Future Cities to be Biomimetic
Cambridge University bioengineer Michelle Oyen is studying how to make future cities biomimetic. Her work is focused on the mechanical properties of biological materials. One of her current projects is looking at how emulating the structure and mechanics of eggshells and bones might yield insights for how to design buildings and entire cities to be more resilient and sustainable.
Oyen’s work is aimed at understanding how nature makes building materials at room temperature, without the need for large amounts of energy. Man-made materials are much more energy-intensive; concrete, for instance, accounts for up to 10% of greenhouse gas emissions.
Oyen’s approach is part of the budding science of biomimicry, and it can have important implications for the built environment:
“The natural world and ecological system are maybe the best picture for what a sustainable world looks and performs like,” says Erin Rovalo, a senior principal of design at the consulting firm Biomimicry 3.8. “And if our built environment can function like these ecosystems, maybe thats the pinnacle of what sustainable design can be.”
Another example of how we might design sustainable cities inspired by nature, is with respect to transportation. German neuroscientist Arndt Pechstein explains how proteins carry their cargo within human cells:
“One motor protein is not only able to carry one specific cargo, so it can be decoupled from that cargo and can take on another,” Pechstein says. “You also have different motor proteins that can switch between different infrastructures without any waiting time or delay.”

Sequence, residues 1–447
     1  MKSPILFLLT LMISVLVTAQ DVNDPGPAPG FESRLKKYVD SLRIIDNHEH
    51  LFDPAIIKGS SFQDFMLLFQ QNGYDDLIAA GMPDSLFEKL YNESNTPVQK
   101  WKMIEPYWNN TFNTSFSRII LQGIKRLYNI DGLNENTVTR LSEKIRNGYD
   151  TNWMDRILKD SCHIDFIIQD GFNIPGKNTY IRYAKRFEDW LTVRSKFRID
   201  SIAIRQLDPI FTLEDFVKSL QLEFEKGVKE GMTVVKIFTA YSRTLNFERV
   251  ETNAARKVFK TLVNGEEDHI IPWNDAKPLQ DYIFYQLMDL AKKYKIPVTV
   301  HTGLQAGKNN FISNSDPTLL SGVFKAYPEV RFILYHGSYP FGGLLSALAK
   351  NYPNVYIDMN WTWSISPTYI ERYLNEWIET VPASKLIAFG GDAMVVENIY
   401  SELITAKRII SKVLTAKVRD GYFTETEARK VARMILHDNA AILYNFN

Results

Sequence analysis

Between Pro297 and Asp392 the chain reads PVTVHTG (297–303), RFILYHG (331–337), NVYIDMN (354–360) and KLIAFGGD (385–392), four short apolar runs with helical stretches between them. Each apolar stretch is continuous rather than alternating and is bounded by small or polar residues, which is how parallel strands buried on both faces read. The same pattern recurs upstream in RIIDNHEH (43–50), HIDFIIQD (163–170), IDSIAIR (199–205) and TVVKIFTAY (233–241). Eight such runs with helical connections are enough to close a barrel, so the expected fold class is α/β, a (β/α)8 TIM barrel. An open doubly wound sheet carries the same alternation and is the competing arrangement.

And motor proteins communicate with one another, signaling what they’re carrying and where they need to drop it off, preventing traffic jams in our cells. That’s far more efficient than what happens in our cities, where cars sit idle most of the time and where rush hour can lead to grueling gridlock.
In studying the pattern that facilitates this sort of efficiency, Pechstein and his team redesigned the car as a concept, and dubbed it Flywheel. In this new, more modular design, the car is round and the passenger cabin seats two people. To seat more people or carry other cargo, it can merge with other vehicles to form a “train.” And instead of taking up space in the city, the team proposed an infrastructure design in which the cars—like motor proteins—can switch between being on the road and underground.
“If we can reduce the amount of transit on the surface by guiding it somewhere else, then we would dramatically reduce the noise, pollution, and space required for transport in the city,” he says.
While this type of inquiry is very exciting and promising, it is costly and will take time; behavior change is also critical, concede Oyen and Pechstein.
Nevertheless, the inspiration is strong in the scientific community to learn from nature and in essence, return to nature in the way we design living systems. This is a movement that Alchemus Prime supports, and participates in with enthusiasm.
In the words of Pechstein:
“We forget that we are nature, too. And that we are, just as any other species, basically biology, and have something that we can emulate and learn from…”